The outgoing Metro councilor and Washington County commissioner are running for county chair.

Kathryn HarringtonProspective voters will have a chance to hear from the two candidates running for the open chairmanship of the Washington County Board of Commissioners on Monday, Sept. 24, at Pacific University.

The university is hosting Metro Councilor Kathryn Harrington and County Commissioner Bob Terry for a forum at its Taylor Auditorium, room 216 of Marsh Hall on the Forest Grove campus. The candidates will field questions from attendees and talk about their plans for Washington County.

Harrington was the top vote-getter in a four-way primary in May, with 37.5 percent of the vote. As no candidate claimed an outright majority of the vote in May, the second-highest finisher — Terry, with 29.8 percent, edging former state legislator Ryan Deckert in third place with 23.3 percent — advanced to the Nov. 6 general election along with Harrington.

The election has significant implications for Washington County and the region.

Washington County is second in population behind only Multnomah County among counties in Oregon, and it is one of the fastest-growing counties in the state, according to Portland State University demographers in a 2017 report.

Bob TerryFor years, the county government has been dominated by a conservative majority on the Board of Commissioners. But Washington County has increasingly tilted Democratic, delivering its votes to Hillary Clinton in the 2016 presidential election by a 26-point margin, and left-of-center candidates for county chairman captured more than 70 percent of the vote in May.

With Chairman Andy Duyck not seeking re-election, his seat is up for grabs.

The race is officially nonpartisan. However, Harrington, a 12-year veteran of the Metro Council, is a registered Democrat who enjoys significant support from Democratic Party officials and traditional backers, such as organized labor and environmentalist groups. Terry, who has served for eight years on the county commission representing western Washington County, is a registered Republican who is endorsed by Duyck and other conservative local officials.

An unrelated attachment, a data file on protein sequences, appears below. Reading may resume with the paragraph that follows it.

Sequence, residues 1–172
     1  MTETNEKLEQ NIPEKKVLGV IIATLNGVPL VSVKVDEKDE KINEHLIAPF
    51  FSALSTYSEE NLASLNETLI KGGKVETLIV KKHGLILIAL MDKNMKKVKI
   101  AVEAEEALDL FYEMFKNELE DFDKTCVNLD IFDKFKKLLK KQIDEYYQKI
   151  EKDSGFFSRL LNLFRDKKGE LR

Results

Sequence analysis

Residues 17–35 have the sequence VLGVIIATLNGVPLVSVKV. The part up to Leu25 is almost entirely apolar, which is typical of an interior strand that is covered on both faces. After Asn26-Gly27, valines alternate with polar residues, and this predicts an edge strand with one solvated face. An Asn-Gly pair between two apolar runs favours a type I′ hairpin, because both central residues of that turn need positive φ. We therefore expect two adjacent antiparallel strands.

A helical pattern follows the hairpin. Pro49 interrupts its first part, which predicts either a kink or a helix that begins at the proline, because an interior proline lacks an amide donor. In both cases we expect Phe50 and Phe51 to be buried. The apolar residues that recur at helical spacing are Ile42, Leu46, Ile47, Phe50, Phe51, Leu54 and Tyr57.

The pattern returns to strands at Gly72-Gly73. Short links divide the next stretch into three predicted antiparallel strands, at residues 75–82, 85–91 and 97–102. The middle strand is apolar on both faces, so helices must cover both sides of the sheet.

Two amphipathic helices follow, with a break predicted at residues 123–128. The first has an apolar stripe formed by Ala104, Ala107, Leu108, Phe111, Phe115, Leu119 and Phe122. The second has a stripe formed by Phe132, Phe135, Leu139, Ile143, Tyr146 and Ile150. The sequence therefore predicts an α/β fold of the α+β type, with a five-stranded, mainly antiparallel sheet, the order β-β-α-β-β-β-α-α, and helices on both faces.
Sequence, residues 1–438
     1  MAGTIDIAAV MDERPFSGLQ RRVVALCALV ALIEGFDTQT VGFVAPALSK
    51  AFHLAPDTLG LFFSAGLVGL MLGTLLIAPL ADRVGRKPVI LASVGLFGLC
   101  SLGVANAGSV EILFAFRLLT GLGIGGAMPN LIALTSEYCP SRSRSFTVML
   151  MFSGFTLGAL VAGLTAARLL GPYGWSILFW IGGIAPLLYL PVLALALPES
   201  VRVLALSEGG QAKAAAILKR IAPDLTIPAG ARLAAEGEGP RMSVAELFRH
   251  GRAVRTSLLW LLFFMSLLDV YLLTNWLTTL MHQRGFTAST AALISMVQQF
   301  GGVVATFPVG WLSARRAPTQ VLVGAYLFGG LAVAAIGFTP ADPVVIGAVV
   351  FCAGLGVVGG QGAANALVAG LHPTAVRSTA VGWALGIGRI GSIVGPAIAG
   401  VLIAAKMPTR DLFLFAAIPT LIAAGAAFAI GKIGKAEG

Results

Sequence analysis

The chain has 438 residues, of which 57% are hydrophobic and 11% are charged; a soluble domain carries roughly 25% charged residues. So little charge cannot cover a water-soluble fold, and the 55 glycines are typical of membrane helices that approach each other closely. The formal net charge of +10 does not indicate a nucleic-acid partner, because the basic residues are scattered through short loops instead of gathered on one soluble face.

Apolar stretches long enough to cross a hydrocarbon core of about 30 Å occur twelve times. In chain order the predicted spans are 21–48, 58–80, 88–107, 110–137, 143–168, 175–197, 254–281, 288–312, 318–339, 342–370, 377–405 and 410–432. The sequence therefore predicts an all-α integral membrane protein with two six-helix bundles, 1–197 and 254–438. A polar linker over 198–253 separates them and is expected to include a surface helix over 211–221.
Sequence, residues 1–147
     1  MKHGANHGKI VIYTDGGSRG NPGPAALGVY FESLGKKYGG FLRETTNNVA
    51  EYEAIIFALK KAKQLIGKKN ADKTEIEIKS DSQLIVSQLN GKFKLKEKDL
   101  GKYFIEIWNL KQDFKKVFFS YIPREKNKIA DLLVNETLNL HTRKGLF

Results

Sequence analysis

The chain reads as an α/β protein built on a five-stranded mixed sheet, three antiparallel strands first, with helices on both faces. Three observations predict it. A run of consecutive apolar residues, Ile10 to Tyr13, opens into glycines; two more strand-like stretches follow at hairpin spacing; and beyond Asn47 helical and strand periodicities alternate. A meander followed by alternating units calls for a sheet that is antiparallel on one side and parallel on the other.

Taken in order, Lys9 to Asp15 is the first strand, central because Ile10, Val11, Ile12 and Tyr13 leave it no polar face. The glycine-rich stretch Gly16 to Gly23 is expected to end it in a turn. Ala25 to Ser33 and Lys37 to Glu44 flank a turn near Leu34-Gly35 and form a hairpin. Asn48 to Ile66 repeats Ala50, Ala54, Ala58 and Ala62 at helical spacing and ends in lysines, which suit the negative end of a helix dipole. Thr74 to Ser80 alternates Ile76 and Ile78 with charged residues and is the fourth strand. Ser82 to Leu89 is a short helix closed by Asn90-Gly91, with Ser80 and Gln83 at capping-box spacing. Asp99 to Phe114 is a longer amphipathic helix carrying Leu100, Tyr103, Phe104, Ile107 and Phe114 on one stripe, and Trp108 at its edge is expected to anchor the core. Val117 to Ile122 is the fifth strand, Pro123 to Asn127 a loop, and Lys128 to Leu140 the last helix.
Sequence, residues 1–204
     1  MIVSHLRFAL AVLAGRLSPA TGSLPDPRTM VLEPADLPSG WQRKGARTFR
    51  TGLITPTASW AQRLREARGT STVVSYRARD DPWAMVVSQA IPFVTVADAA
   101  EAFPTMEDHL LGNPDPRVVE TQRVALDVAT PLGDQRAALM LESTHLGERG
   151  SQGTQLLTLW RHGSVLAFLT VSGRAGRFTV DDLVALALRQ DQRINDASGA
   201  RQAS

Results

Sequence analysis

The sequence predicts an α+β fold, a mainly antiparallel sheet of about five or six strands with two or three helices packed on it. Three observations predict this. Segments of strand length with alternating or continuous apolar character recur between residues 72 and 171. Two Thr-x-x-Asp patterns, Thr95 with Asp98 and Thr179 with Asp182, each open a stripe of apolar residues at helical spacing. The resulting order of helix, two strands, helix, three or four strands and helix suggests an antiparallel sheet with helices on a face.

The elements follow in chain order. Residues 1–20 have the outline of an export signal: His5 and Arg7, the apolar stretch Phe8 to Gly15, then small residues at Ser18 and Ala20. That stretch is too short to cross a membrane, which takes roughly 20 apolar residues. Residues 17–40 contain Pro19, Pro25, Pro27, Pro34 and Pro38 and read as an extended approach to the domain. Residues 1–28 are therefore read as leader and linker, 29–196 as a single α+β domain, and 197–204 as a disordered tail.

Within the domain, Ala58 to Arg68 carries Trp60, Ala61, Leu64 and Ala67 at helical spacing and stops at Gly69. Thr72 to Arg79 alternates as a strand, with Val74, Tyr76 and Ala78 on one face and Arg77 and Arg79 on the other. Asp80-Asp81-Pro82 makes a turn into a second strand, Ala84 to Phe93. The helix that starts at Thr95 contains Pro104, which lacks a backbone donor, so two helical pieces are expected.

Harrington has positioned herself as an "outsider" who will change the way that Washington County works with regional partners, such as Metro. Terry has defended the county's direction, pointing to its rapid growth and strong economy, and suggested he will carry on much of Duyck's work.

Compounding the political significance of the race, the other four county commissioners are divided evenly along partisan lines. Commissioner Dick Schouten is active in local Democratic politics, and Commissioner-elect Pam Treece is also a registered Democrat. Commissioner Roy Rogers is counted among the conservative majority on the Board of Commissioners, and Commissioner-elect Jerry Willey, a former mayor of Hillsboro, is a registered Republican as well. That means whoever comes out the victor on Nov. 6 will break the tie between the commission's more liberal and more conservative wings.

"The contest to select a new county commission chair is, arguably, the second most important candidate election in the state after the governor's race," said Jim Moore, director of political outreach for Pacific University's Tom McCall Center for Civic Engagement, in a statement. "The new chair will be a crucial player in the county's role as the economic engine for the entire state."

Moore is expected to serve as moderator of the forum. Questions will also be taken from the audience, according to Pacific.

The forum begins at 7 p.m. Seating is limited. There is no charge for admission.

By Mark Miller
Editor, Forest Grove News-Times
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